I adapted the recipe from this one at WW. I used a larger pan, because it made for thinner pieces that were easier to bite into. I added the graham crackers on a whim.

Makes 6 sandwiches

1 lemon
1 cup fat-free vanilla yogurt (I have used both Greek yogurt and a mixture of Greek with regular yogurt)
1 Tbsp. agave syrup
1 cup fresh blueberries
13-14 graham cracker rectangles

Line an 8×8-inch pan with parchment paper that hangs off the sides, so you can easily lift the yogurt out later.

Zest and juice the lemon. You need 1/2 tsp. of zest and 1/2 tsp. of juice. Mix the zest and juice into the yogurt with the agave syrup and blueberries.

Crush 1-2 graham cracker rectangles (amount depends on your preference). Spread half the crumbs onto the parchment, then spread the yogurt mixture evenly on top. Scatter the rest of the crumbs over the yogurt, pressing down gently, if possible, to make sure it all adheres.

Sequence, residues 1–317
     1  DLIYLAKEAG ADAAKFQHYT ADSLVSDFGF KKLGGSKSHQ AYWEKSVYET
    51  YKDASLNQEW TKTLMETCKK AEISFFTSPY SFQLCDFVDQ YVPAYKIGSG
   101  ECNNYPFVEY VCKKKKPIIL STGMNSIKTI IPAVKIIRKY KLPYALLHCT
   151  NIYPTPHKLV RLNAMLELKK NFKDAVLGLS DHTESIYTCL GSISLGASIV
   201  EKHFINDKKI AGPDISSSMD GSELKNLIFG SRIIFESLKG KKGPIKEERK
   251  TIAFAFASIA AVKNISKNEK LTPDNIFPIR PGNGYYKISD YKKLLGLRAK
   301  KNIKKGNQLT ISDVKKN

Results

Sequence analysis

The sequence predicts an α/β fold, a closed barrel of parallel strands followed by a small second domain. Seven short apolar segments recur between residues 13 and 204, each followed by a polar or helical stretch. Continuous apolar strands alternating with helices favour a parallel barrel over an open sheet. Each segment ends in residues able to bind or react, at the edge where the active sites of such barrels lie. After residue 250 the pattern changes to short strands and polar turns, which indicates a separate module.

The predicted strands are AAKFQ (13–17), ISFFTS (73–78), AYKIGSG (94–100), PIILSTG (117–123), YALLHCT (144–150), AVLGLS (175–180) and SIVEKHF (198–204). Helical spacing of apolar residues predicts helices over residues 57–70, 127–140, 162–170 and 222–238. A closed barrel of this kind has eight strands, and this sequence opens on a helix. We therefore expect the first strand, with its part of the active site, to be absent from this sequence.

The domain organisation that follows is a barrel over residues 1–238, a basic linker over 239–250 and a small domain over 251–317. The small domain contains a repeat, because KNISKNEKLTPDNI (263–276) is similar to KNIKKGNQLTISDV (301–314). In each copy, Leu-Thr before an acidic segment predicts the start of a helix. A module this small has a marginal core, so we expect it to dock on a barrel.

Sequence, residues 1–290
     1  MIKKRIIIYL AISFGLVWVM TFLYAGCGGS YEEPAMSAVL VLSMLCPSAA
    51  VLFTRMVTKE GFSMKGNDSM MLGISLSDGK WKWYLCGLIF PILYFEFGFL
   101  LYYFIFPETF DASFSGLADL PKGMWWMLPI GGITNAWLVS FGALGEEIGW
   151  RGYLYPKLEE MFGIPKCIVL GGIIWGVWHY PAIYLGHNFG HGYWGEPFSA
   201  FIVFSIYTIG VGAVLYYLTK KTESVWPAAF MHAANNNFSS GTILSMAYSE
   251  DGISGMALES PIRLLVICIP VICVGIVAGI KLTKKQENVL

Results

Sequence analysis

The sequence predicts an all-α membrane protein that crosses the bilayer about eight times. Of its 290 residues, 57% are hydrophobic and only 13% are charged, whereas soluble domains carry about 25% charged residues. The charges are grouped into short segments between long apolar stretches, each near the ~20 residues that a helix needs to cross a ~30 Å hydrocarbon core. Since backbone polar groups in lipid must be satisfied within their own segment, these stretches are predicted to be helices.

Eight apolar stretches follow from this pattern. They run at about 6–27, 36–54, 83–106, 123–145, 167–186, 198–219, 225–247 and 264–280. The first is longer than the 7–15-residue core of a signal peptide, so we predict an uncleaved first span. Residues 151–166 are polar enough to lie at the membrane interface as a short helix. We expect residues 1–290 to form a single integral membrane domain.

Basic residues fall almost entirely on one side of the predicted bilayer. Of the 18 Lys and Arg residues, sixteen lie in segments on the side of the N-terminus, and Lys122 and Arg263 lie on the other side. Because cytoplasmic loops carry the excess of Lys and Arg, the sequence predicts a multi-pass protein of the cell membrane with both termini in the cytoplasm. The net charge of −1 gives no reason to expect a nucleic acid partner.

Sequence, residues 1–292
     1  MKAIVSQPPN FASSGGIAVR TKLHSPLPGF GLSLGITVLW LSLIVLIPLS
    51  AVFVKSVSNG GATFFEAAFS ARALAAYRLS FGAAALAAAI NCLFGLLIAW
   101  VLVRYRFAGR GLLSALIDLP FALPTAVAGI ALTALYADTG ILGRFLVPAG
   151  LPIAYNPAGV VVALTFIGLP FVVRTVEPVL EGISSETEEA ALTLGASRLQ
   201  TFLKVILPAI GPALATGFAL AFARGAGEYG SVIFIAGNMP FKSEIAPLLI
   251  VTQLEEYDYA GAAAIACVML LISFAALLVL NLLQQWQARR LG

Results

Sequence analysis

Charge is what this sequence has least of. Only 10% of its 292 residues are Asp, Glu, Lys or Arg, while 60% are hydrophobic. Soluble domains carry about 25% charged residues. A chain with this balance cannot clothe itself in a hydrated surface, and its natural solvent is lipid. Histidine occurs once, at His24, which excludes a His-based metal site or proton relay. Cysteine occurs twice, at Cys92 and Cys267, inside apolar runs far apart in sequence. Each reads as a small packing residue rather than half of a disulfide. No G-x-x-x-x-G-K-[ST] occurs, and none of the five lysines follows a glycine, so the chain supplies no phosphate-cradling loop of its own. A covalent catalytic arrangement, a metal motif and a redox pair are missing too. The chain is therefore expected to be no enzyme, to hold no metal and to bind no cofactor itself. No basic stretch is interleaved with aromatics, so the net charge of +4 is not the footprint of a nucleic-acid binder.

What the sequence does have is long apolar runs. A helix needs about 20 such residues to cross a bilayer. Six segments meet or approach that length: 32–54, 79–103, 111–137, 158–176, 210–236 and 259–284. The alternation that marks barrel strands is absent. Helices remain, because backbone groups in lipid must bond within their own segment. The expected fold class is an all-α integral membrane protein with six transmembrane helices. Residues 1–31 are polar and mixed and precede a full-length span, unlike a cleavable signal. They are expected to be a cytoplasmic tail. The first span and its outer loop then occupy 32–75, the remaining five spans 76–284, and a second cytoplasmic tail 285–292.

Freeze overnight. When ready, lift it out of the pan and cut into six bars. Sandwich each bar between two graham cracker rectangles. Enjoy.

Peanut Brittle

This recipe comes from a community cookbook published in Atlanta in 1985. It’s the kind of cookbook bound with plastic rings and with the names of the people who submitted the recipes below each one. I love these kinds of cookbooks — they give a peek into people’s kitchens and the recipes they love to make. This particular cookbook is where I got my candied pecan recipe, which I make during the holidays, and it’s also the source for this peanut brittle.

You do need a candy thermometer. I tried making it without one, but it was a failure — it took too long and I got impatient, and the result was bendy and stick-to-your-teeth chewy. With a candy thermometer, the process is easy.

The key to brittle is baking soda: It forms bubbles that make the brittle light enough to break apart and eat. The baking soda reacts with the melted sugar and foams up, in the same way it reacts with acids like buttermilk, vinegar, or lemon juice to make baked recipes light. Here’s a great article about brittle, if you want to learn more.

1 1/2 cups sugar
1/2 bottle (8 oz.) light corn syrup
2 Tbsp. water
2 cups unsalted peanuts
2 tsp. baking soda

Butter a 9×13-inch baking sheet.

In a very large pot, mix sugar, syrup, water, and peanuts. Have the baking soda measured and ready in a small dish next to the stove.